- Cash Cow Franchise - As well as its 42 year run, the TOTP format was sold worldwide and spawned a magazine in the UK (which is still published despite the end of the weekly series) and many compilation albums (the 1970s ones not sung by the original artists, the 1990s ones actually sung by the original artists).
- Channel Hop - from BBC One to BBC Two in 2005, what turned out to be the final nail in the coffin for the weekly series.
- Cloud Cuckoolander - Jimmy Saville, at least onscreen.
- Deadpan Snarker - John Peel. "That's one of the very best things since Napoleon's retreat from Moscow - Keith Harris and Orville."
- Did Not Do the Bloody Research: Appeared to be in play, but ultimately averted in one 1982 episode. Dexys Midnight Runners performed a version of Van Morrison's Jackie Wilson Said in front of a massively blown up photo of the wrong J. Wilson. Not black American soul legend Jackie, but white Scottish darts legend Jocky Wilson. Turns out putting the wrong picture up there was intentional; the gag was lead singer Kevin Rowland's idea.
- Fanservice - Resident dance troupes Pan's People and follow-ups Legs and Co; arguably most of the female presenters in the late 1990s: Jayne Middlemiss, Gail Porter, Lisa Snowdon...
- Guest Host - Played with at various points of the show's history.
- Invisible Backup Band - Common with solo acts, as most artists appearing on the show were lip-syncing.
- Is This Thing Still On? - Jeremy Clarkson was a guest presenter of one episode late in the programme's life. After an American hip-hop group finished performing he asked his co-presenter the trope question, then proceeded to refer to the song as "bloody appalling."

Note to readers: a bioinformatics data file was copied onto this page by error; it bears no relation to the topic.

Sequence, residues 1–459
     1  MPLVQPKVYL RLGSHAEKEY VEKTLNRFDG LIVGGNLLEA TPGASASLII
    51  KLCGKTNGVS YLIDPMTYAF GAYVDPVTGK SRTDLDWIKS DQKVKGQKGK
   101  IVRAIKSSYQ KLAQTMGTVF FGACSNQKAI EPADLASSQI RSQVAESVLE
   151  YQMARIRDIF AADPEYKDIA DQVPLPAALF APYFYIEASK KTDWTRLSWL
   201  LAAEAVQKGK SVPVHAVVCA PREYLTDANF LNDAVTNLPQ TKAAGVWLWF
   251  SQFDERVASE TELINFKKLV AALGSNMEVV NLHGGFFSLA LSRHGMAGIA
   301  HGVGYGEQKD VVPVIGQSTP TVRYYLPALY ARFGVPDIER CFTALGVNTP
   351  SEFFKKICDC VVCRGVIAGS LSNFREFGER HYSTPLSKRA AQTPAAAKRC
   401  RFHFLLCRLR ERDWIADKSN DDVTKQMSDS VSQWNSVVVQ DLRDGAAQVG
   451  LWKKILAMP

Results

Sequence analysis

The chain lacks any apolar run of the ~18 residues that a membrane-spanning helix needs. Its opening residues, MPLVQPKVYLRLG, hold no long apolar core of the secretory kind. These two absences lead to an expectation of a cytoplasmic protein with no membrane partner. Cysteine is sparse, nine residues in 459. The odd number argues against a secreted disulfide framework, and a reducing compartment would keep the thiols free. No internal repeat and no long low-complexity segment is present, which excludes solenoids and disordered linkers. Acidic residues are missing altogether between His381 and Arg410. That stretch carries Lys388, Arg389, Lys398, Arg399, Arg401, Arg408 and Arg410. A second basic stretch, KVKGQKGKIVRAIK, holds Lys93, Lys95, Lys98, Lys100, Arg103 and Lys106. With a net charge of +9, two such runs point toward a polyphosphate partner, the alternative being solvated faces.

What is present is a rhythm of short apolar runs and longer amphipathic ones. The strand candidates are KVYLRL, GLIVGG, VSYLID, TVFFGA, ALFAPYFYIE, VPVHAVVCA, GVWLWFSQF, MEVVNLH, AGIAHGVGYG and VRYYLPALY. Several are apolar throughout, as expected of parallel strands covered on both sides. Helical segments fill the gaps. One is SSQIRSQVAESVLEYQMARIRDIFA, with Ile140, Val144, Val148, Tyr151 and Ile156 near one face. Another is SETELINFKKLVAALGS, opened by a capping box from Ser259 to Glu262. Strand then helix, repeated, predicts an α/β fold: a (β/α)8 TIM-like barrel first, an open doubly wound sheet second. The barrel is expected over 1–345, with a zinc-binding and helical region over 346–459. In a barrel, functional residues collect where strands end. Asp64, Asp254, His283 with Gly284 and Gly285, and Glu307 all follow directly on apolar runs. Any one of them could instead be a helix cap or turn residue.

- The Last DJ - John Peel.
- Long Runners - Into its 45th year - just about.
- No Export for You - Aside from an extremely brief run on BBC America in 2002, the only episode to air on American television was the last one, which was aired on VH-1 Classic in August 2006.
- Nostalgia Filter: Averted especially with straight repeats. The show's policy was to broadcast whatever was trending in the charts at the time- which includes all the stuff that most people have forgotten and in some cases, preferred to forget. Even though it's essentially a Clip Show, Top of the Pops 2 sometimes lampshaded this, with Steve Wright sometimes saying words to the effect of "yes, we really did listen to that back then!" or "yes, this one really was a hit!"
- Nothing But Hits: Unintentional deconstruction, in a way. The show's remit was, as mentioned, to focus on current singles chart hits, as opposed to The Old Grey Whistle Test which focussed on more "serious" rock music and the like, perhaps catering to slightly more niche interests. So in a very literal sense, the show was about "nothing but hits". But because of the rules governing what they had to show, this meant whatever was trending in the charts, as mentioned above.
- One-Liner - John Peel. "And if that doesn't get to Number One, I'm gonna come and break wind in your kitchen."
- Re Tool - Often when a new producer was appointed. Either made the show good (Ric Blaxill) or awful (Andi Peters). Also the TOTP 2 Re Tool mentioned above.
- Take That - The TOTP crew insisted that Nirvana play "Smells Like Teen Spirit" on the show, and Kurt wasn't too fond of the focus on "Teen Spirit" already, so his Creator Backlash mixed with an imitation of Morrissey and made a Take That moment to the crew of TOTP.
- Also Suzi Quatro's performance as described above.
- Trans Atlantic Equivalent: American Bandstand (in fairness, this started in the 1950s).
- Unintentional Period Piece: And how! Not even mentioning the charts and the featured songs, the audience and their fashions and the video effects and graphics combine to make each episode a time capsule of the year it came from.
- Vinyl Shatters: The early '80s titles end with a vinyl record exploding into fragments in mid air. (Although this clearly wasn't dramatic enough, as the titles were later updated to have an exploding TV instead).